The California Public Utilities Commission (CPUC) just released its 2020 Padilla Report, an annual accounting of costs and cost savings from the state’s renewable portfolio standard (RPS), now targeting a 100% clean energy supply by 2045. The chart-filled report documents the uneven workings of the RPS and ongoing gaps in critical data.
A key figure — contract costs per kilowatt-hour (kWh) — dropped about a cent, from 3.81 cents per kWh in 2018 to 2.82 cents per kWh in 2019 (see below), contributing to a slight drop in RPS spending by investor-owned utilities (IOUs) and a parallel, incremental rise in electricity generated. The report’s top-line figures show the IOUs spending $5.4 billion on RPS procurements in 2019 versus $5.6 billion in 2018; the corresponding gigawatt-hours of renewable power rose from 52,936 GWh in 2018 to 53,244 GWh last year.
But these and other figures in the report come with various caveats and qualifications:
IOU procurements: The problem here is that the billions in IOU spending don’t represent actual contracts signed in 2019, but rather procurements from previous years, reflecting the lag between when contracts are signed and when the associated expenditures go on the books. Further, they may not, in all cases, represent new solar, wind or other renewable generation, but unbundled renewable energy credits (RECs), although the exact numbers for RECs are not documented. Last year, Bear Valley Electric Service, one of the state’s small utilities, used RECs for its entire RPS procurement.
CCAs’ growing impact: Further, a chart tucked away in Appendix C, shows that Southern California Edison (SCE) was the only IOU signing a contract for new solar last year — a project of less than 3 MW — while San Diego Gas & Electric (SDG&E) procured an equally small new hydro plant. Instead, California’s still-growing band of community choice aggregators (CCAs) — locally based, retail power providers — became the main drivers of renewable procurement last year, signing ten contracts for projects larger than 3 MW. Total expenditures here were $932 million, up from $555 million in 2018, while renewable generation grew from 10,000 GWh in 2018 to 15,500 GWh last year.
Cost savings: Determining the value of renewables and the savings they produce has long been a point of contention between the electric power and renewable energy industries, and the CPUC report attempts no new answers. “It is difficult to quantify the cost savings, or avoided costs, associated with the RPS program,” the report argues, “because this would require assessing to what extent the RPS program deferred construction of alternative generation facilities and the theoretical cost of those alternative resources.” Instead, the report compares the per-kWh costs of RPS and non-RPS procurements, with renewables averaging out at 10.23 cents per kWh, a bit over a quarter of cent more than 9.95 cents for non-RPS procurement.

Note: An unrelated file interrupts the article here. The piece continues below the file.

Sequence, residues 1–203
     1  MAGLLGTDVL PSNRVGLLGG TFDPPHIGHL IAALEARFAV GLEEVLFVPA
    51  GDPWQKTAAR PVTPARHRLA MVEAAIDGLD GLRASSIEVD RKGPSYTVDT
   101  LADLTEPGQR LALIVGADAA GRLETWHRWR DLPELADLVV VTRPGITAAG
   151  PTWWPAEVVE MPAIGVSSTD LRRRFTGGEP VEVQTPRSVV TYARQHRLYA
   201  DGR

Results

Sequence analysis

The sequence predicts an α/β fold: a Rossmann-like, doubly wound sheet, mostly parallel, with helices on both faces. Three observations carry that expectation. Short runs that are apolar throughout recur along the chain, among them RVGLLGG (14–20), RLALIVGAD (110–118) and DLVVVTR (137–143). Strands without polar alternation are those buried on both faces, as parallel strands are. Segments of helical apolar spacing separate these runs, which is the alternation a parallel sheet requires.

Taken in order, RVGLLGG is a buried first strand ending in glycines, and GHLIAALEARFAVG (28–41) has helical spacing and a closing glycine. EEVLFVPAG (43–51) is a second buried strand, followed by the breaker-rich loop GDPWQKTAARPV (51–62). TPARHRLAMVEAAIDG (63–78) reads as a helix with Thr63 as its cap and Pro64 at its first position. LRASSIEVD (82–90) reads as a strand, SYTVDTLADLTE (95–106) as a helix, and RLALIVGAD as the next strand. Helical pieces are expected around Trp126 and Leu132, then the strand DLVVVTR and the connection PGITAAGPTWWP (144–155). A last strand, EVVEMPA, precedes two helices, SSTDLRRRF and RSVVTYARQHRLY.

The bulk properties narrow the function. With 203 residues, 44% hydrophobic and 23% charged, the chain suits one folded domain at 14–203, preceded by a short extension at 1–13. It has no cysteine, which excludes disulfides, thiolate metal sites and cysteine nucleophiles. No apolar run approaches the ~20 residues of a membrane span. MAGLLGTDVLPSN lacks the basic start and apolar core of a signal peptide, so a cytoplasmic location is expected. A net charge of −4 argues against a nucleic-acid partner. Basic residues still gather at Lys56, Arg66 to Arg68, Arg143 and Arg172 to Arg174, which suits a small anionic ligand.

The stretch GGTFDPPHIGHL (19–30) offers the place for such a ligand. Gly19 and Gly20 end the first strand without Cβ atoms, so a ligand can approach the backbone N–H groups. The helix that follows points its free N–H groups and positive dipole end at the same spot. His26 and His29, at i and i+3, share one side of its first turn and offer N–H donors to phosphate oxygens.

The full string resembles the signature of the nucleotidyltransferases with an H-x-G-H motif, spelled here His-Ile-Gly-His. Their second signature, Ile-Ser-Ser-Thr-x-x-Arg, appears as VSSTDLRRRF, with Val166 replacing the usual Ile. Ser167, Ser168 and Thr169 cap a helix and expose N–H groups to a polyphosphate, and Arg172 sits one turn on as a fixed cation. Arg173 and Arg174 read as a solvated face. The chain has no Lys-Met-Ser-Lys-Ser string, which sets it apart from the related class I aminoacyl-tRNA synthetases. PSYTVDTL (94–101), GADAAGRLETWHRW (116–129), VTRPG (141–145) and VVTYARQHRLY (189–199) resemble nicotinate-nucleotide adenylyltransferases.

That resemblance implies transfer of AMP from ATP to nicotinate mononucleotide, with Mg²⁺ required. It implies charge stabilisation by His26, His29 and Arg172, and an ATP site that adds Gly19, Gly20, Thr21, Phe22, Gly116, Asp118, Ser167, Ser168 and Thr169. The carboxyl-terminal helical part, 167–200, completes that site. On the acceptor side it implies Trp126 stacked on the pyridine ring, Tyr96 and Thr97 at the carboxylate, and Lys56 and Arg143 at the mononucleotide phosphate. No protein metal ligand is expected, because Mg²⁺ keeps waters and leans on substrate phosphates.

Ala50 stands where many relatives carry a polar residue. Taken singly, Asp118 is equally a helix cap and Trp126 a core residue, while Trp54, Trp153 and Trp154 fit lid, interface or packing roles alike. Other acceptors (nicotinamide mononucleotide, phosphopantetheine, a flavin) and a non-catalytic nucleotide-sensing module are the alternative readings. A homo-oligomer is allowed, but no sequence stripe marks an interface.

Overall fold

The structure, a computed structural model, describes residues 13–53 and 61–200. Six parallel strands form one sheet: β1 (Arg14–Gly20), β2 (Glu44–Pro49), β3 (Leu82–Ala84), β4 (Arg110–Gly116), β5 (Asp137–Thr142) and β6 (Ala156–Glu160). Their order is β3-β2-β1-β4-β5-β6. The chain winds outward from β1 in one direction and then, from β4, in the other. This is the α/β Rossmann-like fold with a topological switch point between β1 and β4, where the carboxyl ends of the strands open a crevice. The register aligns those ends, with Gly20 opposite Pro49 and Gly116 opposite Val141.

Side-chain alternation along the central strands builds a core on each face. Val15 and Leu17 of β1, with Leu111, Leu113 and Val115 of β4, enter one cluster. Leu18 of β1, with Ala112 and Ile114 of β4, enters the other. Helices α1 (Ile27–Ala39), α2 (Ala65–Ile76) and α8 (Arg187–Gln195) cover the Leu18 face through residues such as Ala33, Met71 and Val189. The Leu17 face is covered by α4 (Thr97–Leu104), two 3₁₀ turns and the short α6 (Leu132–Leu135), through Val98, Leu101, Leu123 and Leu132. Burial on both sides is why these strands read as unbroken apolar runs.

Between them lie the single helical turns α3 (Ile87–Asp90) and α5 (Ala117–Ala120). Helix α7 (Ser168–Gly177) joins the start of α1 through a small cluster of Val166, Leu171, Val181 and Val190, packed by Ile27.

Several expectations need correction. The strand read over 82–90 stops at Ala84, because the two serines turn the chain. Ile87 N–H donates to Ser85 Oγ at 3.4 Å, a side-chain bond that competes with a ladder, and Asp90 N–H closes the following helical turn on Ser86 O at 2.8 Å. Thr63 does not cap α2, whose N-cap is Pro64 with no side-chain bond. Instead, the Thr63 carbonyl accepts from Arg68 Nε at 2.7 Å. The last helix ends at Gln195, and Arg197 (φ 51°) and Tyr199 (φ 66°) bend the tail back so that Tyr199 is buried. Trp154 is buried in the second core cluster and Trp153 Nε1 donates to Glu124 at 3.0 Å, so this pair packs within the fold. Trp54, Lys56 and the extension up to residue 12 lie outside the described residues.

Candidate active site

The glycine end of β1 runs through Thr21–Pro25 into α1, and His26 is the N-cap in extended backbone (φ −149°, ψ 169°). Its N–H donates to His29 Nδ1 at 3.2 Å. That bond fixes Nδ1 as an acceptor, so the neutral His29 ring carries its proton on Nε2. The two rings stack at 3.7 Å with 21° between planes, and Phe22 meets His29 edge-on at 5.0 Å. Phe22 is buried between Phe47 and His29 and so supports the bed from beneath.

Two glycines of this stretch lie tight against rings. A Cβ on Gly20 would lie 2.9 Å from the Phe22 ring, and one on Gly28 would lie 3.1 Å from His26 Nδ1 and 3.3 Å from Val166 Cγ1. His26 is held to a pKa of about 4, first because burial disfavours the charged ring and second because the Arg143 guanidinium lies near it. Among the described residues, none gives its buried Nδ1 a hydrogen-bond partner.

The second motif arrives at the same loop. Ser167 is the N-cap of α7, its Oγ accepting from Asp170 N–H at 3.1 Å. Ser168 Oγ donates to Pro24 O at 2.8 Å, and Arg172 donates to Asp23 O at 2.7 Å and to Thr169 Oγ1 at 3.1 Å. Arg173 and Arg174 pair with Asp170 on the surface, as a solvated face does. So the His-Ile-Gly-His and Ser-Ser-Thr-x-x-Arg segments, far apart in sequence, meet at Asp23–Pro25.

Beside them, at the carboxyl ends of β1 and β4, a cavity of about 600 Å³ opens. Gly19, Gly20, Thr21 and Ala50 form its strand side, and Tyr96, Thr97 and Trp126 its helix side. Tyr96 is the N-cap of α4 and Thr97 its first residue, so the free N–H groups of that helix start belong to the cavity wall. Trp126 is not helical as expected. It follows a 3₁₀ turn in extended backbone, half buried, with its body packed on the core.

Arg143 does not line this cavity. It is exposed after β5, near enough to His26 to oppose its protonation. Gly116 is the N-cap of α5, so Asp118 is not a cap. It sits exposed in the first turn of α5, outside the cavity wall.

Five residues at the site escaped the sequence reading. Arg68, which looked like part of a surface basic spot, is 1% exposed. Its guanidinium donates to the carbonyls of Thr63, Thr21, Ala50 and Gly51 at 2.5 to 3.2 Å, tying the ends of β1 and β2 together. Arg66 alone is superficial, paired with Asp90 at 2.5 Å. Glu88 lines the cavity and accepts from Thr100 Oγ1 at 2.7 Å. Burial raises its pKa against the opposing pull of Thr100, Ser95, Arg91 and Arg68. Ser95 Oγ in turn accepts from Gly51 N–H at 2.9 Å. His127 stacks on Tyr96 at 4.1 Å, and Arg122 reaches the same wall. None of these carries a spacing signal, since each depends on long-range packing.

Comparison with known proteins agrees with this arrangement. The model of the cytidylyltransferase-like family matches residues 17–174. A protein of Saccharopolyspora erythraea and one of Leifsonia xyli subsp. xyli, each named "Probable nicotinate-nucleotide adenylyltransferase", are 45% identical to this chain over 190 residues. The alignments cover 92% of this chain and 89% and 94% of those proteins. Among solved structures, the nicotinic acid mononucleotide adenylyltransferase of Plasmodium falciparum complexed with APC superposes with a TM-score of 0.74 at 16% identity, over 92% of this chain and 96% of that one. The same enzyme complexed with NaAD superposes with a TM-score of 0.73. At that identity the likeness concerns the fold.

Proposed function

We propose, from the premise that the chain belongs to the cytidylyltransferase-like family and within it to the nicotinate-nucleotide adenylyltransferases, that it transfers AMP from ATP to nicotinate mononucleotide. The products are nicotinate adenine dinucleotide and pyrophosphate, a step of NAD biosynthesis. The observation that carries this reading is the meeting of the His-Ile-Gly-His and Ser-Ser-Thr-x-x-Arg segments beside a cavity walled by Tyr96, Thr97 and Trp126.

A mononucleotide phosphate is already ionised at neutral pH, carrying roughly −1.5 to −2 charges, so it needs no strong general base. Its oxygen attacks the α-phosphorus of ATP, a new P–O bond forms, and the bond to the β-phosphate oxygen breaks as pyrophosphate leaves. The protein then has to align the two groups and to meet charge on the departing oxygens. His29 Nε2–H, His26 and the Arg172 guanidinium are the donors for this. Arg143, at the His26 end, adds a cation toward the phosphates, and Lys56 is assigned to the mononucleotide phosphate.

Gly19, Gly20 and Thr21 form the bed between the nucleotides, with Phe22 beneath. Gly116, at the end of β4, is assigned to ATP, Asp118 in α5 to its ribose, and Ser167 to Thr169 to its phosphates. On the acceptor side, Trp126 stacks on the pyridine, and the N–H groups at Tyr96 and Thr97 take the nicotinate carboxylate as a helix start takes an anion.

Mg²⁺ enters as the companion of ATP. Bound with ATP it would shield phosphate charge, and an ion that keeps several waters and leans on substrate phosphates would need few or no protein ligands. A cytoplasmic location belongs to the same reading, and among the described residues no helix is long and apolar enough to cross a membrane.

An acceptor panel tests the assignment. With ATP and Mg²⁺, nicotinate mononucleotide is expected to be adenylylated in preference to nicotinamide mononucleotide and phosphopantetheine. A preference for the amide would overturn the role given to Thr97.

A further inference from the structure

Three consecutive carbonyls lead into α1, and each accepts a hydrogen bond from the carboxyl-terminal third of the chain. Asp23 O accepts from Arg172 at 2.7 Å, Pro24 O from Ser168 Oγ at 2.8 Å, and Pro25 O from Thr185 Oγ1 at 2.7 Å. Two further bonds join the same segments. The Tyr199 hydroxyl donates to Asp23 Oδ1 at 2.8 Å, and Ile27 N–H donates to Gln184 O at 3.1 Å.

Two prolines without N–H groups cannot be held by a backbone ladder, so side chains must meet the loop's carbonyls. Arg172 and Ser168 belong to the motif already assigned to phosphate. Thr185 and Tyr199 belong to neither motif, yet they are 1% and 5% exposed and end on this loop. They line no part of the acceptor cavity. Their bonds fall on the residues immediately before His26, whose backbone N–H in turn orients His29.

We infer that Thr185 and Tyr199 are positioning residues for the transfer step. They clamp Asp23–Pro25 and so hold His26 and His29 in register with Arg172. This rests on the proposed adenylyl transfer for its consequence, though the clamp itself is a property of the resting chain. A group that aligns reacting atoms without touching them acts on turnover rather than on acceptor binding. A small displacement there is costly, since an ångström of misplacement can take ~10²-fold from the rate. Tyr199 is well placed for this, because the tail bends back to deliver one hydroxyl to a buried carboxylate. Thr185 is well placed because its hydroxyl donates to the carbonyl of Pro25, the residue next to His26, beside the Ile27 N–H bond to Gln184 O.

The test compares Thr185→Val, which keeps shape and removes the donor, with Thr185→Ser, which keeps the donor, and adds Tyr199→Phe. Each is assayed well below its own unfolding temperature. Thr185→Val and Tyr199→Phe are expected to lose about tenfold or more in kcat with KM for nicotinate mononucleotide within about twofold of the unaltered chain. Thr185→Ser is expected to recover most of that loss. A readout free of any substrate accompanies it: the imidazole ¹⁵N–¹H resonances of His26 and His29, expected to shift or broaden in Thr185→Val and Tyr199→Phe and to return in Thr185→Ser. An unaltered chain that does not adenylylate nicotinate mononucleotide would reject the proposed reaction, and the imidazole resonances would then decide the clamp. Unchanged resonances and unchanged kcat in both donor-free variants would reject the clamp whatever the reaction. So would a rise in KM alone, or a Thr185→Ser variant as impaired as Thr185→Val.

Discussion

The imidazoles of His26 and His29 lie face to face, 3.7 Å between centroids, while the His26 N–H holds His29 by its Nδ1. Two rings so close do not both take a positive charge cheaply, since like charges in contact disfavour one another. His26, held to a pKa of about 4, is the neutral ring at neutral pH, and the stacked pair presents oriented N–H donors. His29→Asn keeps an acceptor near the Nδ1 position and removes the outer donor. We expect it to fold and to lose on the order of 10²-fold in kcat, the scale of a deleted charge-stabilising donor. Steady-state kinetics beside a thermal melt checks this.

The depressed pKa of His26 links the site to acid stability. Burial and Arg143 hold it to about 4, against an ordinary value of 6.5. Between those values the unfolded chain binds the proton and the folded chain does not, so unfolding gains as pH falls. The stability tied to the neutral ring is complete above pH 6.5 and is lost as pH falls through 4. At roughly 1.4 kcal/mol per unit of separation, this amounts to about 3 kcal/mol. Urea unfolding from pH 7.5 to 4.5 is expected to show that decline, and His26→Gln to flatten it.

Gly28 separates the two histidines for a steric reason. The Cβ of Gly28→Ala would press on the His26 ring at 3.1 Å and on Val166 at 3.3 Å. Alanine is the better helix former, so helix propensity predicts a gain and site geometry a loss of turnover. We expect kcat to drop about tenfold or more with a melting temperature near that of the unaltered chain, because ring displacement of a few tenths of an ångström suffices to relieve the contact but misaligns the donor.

A more interesting approach might have compared the costs of RPS procurement to the IOUs’ generation and total revenue requirements, as shown below. When measured in billions, renewables consistently make up less than half of the IOUs’ generation requirement and well under a quarter of their total revenue requirements.
Data gaps: Cost savings aren’t the only section where data gaps may be skewing the report’s analysis of RPS procurement in the state. The annual report was first mandated in 2011, when the California solar market was still recovering from the recession of 2008-2009, and its approach and analysis are clearly dated. For example, while a hybrid project — solar, wind and storage — is pictured on the cover of the 2020 report, the ongoing evolution of renewable technologies, particularly the growing role of energy storage, is not included. Yet, cost savings have become an integral part of the CPUC’s calculations when evaluating proposals to replace natural gas peakers with standalone storage projects or those pairing solar and storage. Issues surrounding negative wholesale power prices and curtailment — both growing challenges on the state’s grid — are also not discussed. Moving toward a 100% RPS means taking into account the complexities of the California market and developing a more comprehensive, sophisticated framework for analysis.
The views and opinions expressed in this article are the author’s own, and do not necessarily reflect those held by pv magazine.